PITTSFIELD, Mass. — The City Council will vote on allocating $575,919 on a dozen projects through the Community Preservation Act on Tuesday.
The total will leave about $40,000 to roll over into next year's allocation. The total budget was $619,701 which consisted of about $440,000 raised from local surcharges and about an $80,000 match from the state.
Funding was sought for a total of 14 projects asking for more nearly $1 million and the Community Preservation Act Committee opted to fund 12 of those 14, but many of them at a lesser amount then the request.
The largest allocation is $100,000 for the Zion Lutheran Church to make repairs to its roof.
The most controversial project -- to install pickleball courts at Springside Park -- got little more than 50 percent of its ask. The city, backed by the Berkshire Mountain Pickleball Club, already had money allocated for a study to choose a location and the Parks Commission voted in favor of having the courts be placed next to the Doyle Softball Complex in Springside.
But that project also planned to have funding from the city's capital budget, which was shot down by the council. The council pulled the funding for the pickleball courts from that budget after fierce opposition to the location. The city doesn't have enough set aside now to match the state grant that would have covered 70 percent of the cost.
"The funding strategy for a $350,000 pickleball facility is in question right now because the capital funds have been eliminated, the CPC recommendation has been reduced," Parks and Open Spaces Manager Jim McGrath said. "For intents and purposes, we are not moving forward with the grant application because we don't have a commitment to the local share."
The Finance Committee, however, opted to recommend moving forward with the $35,271.60 recommended allocation anyway. The council can always bring back another capital request during the year but the CPA funds are only done yearly. The councilors felt it was better to keep the funds available in case an agreement can be reached to move forward with it.
The funding isn't dependent on that location so talks could be had to use another site that was looked at instead. If it doesn't move forward, the funds will eventually be returned to the Community Preservation Act Committee to spend on other parks and open space projects elsewhere.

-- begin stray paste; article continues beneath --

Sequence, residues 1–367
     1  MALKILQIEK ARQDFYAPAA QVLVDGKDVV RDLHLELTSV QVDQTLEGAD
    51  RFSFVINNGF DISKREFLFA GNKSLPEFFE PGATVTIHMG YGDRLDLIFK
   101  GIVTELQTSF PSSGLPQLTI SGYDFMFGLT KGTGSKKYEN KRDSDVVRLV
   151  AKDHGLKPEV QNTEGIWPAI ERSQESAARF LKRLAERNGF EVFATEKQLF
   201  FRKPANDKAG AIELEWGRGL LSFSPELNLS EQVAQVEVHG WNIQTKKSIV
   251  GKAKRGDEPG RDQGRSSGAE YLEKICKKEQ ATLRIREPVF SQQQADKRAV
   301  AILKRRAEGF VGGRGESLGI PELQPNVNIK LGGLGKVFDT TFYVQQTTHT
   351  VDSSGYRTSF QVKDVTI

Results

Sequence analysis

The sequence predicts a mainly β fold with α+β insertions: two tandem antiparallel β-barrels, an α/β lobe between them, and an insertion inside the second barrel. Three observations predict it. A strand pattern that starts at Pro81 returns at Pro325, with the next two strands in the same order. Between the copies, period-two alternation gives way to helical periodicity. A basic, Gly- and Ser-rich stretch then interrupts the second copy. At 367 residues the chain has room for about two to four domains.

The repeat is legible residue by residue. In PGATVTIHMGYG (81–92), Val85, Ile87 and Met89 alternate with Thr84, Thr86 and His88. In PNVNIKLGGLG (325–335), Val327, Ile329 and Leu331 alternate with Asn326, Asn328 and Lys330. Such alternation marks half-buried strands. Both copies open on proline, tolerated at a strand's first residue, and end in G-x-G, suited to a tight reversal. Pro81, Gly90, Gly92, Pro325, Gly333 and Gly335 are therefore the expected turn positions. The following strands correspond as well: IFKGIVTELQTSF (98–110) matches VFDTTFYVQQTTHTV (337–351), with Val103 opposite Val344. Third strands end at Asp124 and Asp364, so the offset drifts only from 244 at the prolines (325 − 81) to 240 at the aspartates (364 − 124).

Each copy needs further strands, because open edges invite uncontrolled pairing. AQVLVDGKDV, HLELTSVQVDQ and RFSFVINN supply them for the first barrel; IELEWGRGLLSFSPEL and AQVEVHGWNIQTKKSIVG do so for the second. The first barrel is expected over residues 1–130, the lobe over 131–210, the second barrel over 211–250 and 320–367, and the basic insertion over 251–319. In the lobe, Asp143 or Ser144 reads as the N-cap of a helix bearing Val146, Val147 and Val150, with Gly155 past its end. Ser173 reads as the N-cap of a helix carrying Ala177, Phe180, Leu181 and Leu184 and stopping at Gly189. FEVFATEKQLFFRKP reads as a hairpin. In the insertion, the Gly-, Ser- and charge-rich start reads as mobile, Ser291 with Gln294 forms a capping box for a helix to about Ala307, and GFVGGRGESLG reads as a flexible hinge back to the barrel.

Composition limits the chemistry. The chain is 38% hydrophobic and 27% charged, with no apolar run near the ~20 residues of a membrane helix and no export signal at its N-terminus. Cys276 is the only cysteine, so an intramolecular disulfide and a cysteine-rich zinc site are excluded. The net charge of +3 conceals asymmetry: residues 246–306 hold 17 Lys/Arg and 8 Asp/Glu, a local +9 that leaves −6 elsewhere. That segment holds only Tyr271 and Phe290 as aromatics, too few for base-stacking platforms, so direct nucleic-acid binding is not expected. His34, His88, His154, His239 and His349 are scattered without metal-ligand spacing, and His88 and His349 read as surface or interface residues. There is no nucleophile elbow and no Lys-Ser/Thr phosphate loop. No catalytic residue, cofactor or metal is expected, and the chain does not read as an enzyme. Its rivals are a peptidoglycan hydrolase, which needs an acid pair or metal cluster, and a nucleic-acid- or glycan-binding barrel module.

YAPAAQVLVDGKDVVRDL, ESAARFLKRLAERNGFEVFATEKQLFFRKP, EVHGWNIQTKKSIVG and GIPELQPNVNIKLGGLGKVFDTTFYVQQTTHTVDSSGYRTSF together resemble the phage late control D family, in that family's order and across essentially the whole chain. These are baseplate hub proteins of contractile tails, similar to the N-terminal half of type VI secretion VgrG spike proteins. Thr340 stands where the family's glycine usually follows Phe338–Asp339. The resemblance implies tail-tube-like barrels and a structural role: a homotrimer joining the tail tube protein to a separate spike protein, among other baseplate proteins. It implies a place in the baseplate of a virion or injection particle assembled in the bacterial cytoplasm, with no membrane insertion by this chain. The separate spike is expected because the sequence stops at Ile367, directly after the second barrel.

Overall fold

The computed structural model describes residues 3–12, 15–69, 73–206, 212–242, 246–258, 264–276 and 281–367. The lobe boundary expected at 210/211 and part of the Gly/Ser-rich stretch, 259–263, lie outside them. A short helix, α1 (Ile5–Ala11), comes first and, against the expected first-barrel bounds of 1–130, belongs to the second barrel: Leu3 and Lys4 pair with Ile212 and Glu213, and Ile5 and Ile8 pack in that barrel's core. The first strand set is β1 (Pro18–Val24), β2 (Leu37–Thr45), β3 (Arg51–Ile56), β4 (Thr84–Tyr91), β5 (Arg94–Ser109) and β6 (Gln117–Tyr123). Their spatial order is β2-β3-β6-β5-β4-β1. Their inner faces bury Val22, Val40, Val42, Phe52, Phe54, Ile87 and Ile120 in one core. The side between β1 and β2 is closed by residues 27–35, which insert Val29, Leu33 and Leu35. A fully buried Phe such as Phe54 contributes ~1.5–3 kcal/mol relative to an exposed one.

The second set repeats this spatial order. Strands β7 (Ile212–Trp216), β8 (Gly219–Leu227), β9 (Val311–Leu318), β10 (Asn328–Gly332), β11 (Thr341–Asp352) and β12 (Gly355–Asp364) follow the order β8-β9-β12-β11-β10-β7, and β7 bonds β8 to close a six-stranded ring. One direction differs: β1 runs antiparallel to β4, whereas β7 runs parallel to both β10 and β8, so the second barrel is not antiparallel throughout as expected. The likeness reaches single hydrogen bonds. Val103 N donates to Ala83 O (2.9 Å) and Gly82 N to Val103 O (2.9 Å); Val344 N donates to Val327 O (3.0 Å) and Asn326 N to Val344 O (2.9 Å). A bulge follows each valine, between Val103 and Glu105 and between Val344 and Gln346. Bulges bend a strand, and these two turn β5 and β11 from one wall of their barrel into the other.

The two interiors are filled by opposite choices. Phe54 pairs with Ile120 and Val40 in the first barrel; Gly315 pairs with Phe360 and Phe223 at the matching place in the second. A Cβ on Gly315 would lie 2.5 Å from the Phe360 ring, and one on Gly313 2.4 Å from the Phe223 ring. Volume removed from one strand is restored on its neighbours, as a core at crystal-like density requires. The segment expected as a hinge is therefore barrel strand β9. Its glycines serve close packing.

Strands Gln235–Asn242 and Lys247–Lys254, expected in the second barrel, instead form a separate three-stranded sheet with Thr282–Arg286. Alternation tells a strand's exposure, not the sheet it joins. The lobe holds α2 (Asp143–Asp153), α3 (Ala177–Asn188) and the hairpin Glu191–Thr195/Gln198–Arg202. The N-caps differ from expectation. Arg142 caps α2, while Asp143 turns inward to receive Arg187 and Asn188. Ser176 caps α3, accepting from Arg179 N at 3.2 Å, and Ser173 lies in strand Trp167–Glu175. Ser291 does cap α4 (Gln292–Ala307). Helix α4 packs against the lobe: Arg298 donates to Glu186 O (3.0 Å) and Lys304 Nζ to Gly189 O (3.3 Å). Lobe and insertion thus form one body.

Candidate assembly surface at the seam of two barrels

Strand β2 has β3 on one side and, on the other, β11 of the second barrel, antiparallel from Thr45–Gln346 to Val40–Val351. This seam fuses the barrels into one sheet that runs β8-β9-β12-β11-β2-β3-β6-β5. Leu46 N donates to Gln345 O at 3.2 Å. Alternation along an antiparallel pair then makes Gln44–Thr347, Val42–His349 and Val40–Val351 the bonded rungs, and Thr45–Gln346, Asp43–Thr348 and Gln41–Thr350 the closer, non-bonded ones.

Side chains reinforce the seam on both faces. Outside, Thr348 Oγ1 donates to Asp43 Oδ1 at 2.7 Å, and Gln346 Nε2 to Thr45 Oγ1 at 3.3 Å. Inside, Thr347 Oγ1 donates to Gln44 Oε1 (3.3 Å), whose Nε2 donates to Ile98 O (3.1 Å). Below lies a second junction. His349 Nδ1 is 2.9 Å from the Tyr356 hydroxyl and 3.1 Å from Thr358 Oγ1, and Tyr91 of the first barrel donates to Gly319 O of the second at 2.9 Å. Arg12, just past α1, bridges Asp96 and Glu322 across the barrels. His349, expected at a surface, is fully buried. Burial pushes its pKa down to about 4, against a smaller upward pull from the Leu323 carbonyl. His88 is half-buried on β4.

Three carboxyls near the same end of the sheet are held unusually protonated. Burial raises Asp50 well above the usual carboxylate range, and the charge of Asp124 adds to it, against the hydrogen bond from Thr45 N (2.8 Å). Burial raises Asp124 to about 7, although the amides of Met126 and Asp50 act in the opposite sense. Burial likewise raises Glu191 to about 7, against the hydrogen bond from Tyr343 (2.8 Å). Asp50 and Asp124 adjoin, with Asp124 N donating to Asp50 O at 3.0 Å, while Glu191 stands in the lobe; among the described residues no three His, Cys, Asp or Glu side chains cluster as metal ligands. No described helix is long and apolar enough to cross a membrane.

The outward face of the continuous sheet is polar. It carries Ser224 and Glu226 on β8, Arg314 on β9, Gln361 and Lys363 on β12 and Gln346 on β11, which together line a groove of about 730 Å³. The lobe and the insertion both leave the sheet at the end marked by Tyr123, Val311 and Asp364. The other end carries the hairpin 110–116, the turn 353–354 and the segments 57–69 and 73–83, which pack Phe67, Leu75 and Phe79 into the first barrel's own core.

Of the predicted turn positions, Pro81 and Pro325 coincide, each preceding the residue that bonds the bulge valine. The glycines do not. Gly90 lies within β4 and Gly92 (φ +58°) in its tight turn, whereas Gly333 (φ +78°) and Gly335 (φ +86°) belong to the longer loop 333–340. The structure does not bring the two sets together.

"There is still room for a compromise so I don't want to see us cut this," Finance Committee Chairman Peter Marchetti said.
Central Berkshire Habitat for Humanity had requested two housing projects -- $90,000 for the Gordon Deming Project and $50,000 toward the purchase of a home on the West Side for a future project. The recommendation is to only fund the $90,000 for Gordon Deming.
"The committee felt this was a worthwhile project but the final location of what the funds would be directed to was still up in the air so the committee welcomes another application in the future but without a specific site in mind didn't want to allocate the resources at this time," Hoss said of the reason why the $50,00 toward a purchase of a home was denied.
The Colonial Theater is recommended to get $62,000 for its roof. The group had asked for more but since the project is being done in phases, the Community Preservation Act Committee opted to just fund the first phase this year.
The largest request and the top-ranked request was for the Berkshire Family YMCA to completely renovate its North Street center. The money was eyed to restore the historical facade back to what it had been in the past. The organization requested $200,000 for the work.
But the CPA committee is recommending that it be cut to $75,000 and encouraging the organization to return the following year.
That project somewhat straddles two fiscal years with work hoped to be completed by the end of 2020. But, the facade could have been done completely in this upcoming fiscal year since the year runs from July to July. Either way, the committee cut its funding to $75,000.
"This is definitely one of the ones they'd welcomed a future application to provide additional funding," said City Planner CJ Hoss at the council's Finance Committee meeting.
A total of $37,500 is eyed to go to CT Management to preserve the historic terracotta roof and tower at the former St. Mary's Morningstar Church, which is being turned into housing.
The Pittsfield Girls Softball League is recommended to receive $17,000 to make upgrades to the Doyle Softball Complex particularly the dugouts and fencing.
Arrowhead is recommended to receive $25,000 to repair the barn. St. Josephs Church is recommended to receive $15,000 to continue restoring the iron fence that borders North Street.
"That work has stopped at this point and a request was put forth for $50,000 that would allow that work to be completed," Hoss said.
The Berkshire Athenaeum is recommended to receive its full request of $9,148 to replace the UV filtering film on its windows and upgrade the heating and ventilation system to better protect historic material kept there.
Another $50,000 is eyed to continue the renovations of the Springside House.
A request to work on historic cemeteries - east part and west part - at $25,000 was denied.
"This project definitely had merits but given some of the constraints in funding and some of the other important projects, they did not include this project," Hoss said.
The Samuel Harrison House is expected to receive $60,000 for renovations to the workshop area.
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